Take the 2-minute tour ×
Super User is a question and answer site for computer enthusiasts and power users. It's 100% free, no registration required.

PS/2 interface has existed since Windows 95 (that I can remember) and, while all another interfaces were upgraded (USB, USB2, USB3, …) or just died (such as Parallel, and the large one used for keyboards), most desktops came with a PS/2 connector until recently. Newer ones, such as USB, HDMI, FireWire, and others are just born being plug-and-play. However, PS/2 follows the same specification from more than 10 years ago (someone correct me if I am wrong) and it doesn't seems to change in a few years.

Today this is the only non-plug-and-play interface that I can remember, so there is some reason for that? What determines if a interface is or isn't plug-and-play?

share|improve this question
1  
Same reason there was no sliced bread before there was. ;-> –  Moab Feb 11 '12 at 2:18
    
What about RS-232 (still lives since 1962 and is not PnP), VGA DE-15 connector (still lives since 1987 and is not PnP)? So PS/2 is far not the only non-PnP interface that is widely used today. –  Andrey Regentov Apr 12 '13 at 5:20

3 Answers 3

up vote 3 down vote accepted

The PS/2 interface dates from 1987. So it's a 25 year old interface, predating any plug and play OS.

One reason it's around is inertia; there's still a lot of PS2 peripherals out there. Another advantage is its simplicity - I don't need a lot of complexity in my BIOS to read a PS2 keyboard. I have a wireless USB keyboard on my old Windows PC and it takes me forever to get into the BIOS Settings to make changes. Sometimes I wish I had a PS2 keyboard to make BIOS setting easier.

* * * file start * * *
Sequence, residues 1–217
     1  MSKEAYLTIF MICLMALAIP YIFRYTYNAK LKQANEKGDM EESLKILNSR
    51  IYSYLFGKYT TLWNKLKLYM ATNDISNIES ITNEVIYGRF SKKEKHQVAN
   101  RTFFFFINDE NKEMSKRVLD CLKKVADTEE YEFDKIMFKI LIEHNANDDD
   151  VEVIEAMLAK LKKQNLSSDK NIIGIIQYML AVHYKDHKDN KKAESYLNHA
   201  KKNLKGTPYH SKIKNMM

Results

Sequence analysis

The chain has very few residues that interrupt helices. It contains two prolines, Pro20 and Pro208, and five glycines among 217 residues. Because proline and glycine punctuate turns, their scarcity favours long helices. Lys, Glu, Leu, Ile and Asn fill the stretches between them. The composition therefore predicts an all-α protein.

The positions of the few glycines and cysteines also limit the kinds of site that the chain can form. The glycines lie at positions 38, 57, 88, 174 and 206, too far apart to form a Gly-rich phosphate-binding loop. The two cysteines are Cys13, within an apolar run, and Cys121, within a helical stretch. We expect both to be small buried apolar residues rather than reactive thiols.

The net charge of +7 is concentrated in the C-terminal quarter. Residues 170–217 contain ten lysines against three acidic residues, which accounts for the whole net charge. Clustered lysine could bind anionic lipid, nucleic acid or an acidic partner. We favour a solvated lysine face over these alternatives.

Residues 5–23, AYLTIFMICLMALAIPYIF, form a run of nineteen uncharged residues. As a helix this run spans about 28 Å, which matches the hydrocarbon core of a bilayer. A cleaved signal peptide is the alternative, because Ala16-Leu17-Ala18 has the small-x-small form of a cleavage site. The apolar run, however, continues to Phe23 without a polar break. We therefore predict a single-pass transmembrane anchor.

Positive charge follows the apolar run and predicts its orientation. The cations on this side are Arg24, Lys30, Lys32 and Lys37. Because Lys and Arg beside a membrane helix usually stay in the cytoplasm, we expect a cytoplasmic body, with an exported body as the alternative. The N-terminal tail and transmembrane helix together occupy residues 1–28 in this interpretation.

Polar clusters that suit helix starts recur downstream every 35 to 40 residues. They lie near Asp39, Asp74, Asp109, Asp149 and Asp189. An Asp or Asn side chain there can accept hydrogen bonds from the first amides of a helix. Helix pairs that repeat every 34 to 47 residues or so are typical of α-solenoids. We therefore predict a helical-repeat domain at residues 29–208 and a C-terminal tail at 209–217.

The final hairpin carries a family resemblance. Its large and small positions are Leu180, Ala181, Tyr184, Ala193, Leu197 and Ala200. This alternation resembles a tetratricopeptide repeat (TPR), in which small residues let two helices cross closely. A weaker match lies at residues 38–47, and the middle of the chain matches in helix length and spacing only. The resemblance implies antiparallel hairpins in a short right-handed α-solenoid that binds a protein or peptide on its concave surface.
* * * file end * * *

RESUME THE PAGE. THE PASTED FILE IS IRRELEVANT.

share|improve this answer

I can unplug and plugin my ps/2 keyboard whenever i want to.At least with Linux specifically latest Lubuntu prerelease.

When I plug it in its lights flash (like during computer booting) and works as before.

share|improve this answer

PS/2 has improved since it was first introduced, although not drastically.

At the end of the day, USB and many other interfaces are designed for input/out and get faster as the standard improves and as the technology evolves.

PS/2 was designed for keyboards/mice and nothing else, there just isn't really a need to improve the technology.

That being said, A lot of modern motherboards to support plug and play PS/2 - I know that the machine I am using at the moment allows me to plug and unplug PS/2 devices when the machine is on without problems. It really depends on the chipset and other factors of the motherboard.

share|improve this answer
2  
You’re probably confusing PnP with hotplug. PS/2 is not hotplug and will never be, because it uses ISA signals. You should not unplug PS/2 mice and keybords while the machine is running. –  kinokijuf Feb 10 '12 at 17:30
    
@kinokijuf Honestly, you are correct, I think I am mixing them up, but, doesn't plug and play mean, plug it in and it works... so, what is the difference to hot-plugging? I have plugged/unplugged loads of times on my machine - I used to do it many times to switch between a laser pointing presenter mouse and a regular one and never saw a problem. –  William Hilsum Feb 10 '12 at 20:08
1  
According to Microsoft Michael Kaplan, keyboards are plug-and-play, but not plug-and-communicate-what-they-look-like. And hot-plug means that you can connect the device while the comp is running. PS/2 does not have that (try this at home: start computer up without a mouse, connect a PS2 mouse and observe that the computer does not see the mouse). –  kinokijuf Feb 10 '12 at 20:28
    
It worked because both devices look probably like a generic „Microsoft PS/2 mouse” or something like that. –  kinokijuf Feb 10 '12 at 20:30

Your Answer

 
discard

By posting your answer, you agree to the privacy policy and terms of service.

Not the answer you're looking for? Browse other questions tagged or ask your own question.